Whilst the examination is being performed, a dental chart should be completed. This is usually a legal requirement, like taking and keeping a good history and recording medications, which have been prescribed. It is also good for comparisons when dental work is performed over multiple visits, multiple anaesthetics and time frames. The dental chart below is from Dr David Crossly (Manchester, UK), adapted by Dr Bob Wiggs (Dallas, USA) and the chart I use in the practice.
A rabbit dental chart by Dr David Crossley, Manchester, UK adapted by Dr Bob Wiggs, Dallas, USA.
Rodent dental anatomy
It is considered that rodents have no deciduous teeth and only one set of permanent teeth. Rodents have one row of incisor teeth in both the maxilla and mandible. They have two incisors in each row: four teeth in total. The incisors are termed aradicular hypsodont. The premolar and molar teeth are either hypsodont (guinea pig, chinchilla) or brachydont (rat, mouse and hamster). The dental formula varies between species, but four incisors, no canine teeth, few to no premolar teeth and a large diastema between the incisor and premolar or molar teeth are common features. The permanent dentition of the rodents are: guinea pig, chinchilla, capybara, porcupines, beavers: 2x (I 1/1, C 0/0, P 1/1, M 3/3) = 20 teeth in total, rat and mice: 2x (I 1/1, C 0/0, P 0/0, M 3/3) = 16 teeth in total, squirrel: 2x (I 1/1, C 0/0, P 1-2/1, M 3/3) = 20 – 22 teeth in total and hamster: 2 x (I 1/1, C 0/0, P 0/0, M 2-3/2-3) = 12 – 16 teeth in total.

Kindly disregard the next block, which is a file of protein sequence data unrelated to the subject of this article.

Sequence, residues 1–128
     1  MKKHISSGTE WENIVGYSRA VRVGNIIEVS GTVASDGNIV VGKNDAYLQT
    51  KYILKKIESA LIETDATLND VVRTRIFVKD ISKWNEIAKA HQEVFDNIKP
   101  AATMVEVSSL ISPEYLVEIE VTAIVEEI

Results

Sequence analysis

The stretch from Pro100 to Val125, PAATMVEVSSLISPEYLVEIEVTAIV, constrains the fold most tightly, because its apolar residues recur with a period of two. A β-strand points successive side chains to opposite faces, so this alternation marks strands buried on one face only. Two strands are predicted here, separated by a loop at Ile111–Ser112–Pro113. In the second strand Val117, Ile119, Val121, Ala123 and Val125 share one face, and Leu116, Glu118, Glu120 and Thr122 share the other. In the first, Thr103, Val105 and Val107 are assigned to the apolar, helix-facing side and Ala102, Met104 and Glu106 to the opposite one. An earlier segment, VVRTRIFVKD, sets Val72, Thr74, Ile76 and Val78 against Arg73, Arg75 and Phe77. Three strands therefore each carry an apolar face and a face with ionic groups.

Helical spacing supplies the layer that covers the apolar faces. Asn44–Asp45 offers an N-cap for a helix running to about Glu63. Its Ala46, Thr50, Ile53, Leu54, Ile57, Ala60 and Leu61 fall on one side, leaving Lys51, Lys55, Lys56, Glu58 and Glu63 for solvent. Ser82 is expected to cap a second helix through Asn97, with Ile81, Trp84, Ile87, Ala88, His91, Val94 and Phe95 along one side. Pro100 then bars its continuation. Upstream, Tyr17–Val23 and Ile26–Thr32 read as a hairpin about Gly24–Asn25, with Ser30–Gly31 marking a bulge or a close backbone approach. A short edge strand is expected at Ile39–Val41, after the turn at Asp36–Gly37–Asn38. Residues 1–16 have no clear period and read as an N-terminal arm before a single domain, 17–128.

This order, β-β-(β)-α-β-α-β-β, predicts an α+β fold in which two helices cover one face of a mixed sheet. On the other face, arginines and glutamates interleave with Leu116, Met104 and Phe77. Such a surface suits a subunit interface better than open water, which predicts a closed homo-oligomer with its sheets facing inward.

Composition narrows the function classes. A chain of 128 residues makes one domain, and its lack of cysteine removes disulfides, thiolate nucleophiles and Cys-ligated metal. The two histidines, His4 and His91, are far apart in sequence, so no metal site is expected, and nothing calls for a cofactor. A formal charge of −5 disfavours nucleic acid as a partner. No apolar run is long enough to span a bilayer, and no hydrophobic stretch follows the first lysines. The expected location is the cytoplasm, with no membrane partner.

All rodents ‘gnaw’ and have a wide range of movement in the temporo-mandibular joint, compared to the lagomorphs. At rest the incisors of the rodents are out of occlusion.
Tooth growth and the periodontal ligament
Rodent incisors grow at approximately 1mm per week. Lagomorphs maxillary incisors grow at 2mm per week and the mandibular incisors grow at 2.4mm per week (Wiggs and Lobprise, 1995).
The periodontal ligament in the hypsodont teeth has a different structure to the ligament of brachydont teeth. In brachydont teeth, the periodontal ligament is continuous and spans the space between the tooth root cementum and the alveolar bone. In the hypsodont tooth, the periodontal ligament has two sets of collagen fibres that attach to either the alveolar bone or cementum, but not both. The fibres from each side then attach to each other.
Signs of dental disease
Common clinical signs associated with dental disease:
- Decreased food intake
- Weight loss
- Poor coat condition
- Change in defecation
- Salivation, wet dewlap
- Ocular and nasal discharge
- Mandibular swelling
- Difficulty closing the mouth
- Elongated incisor teeth
- Facial swelling
- Systemic disease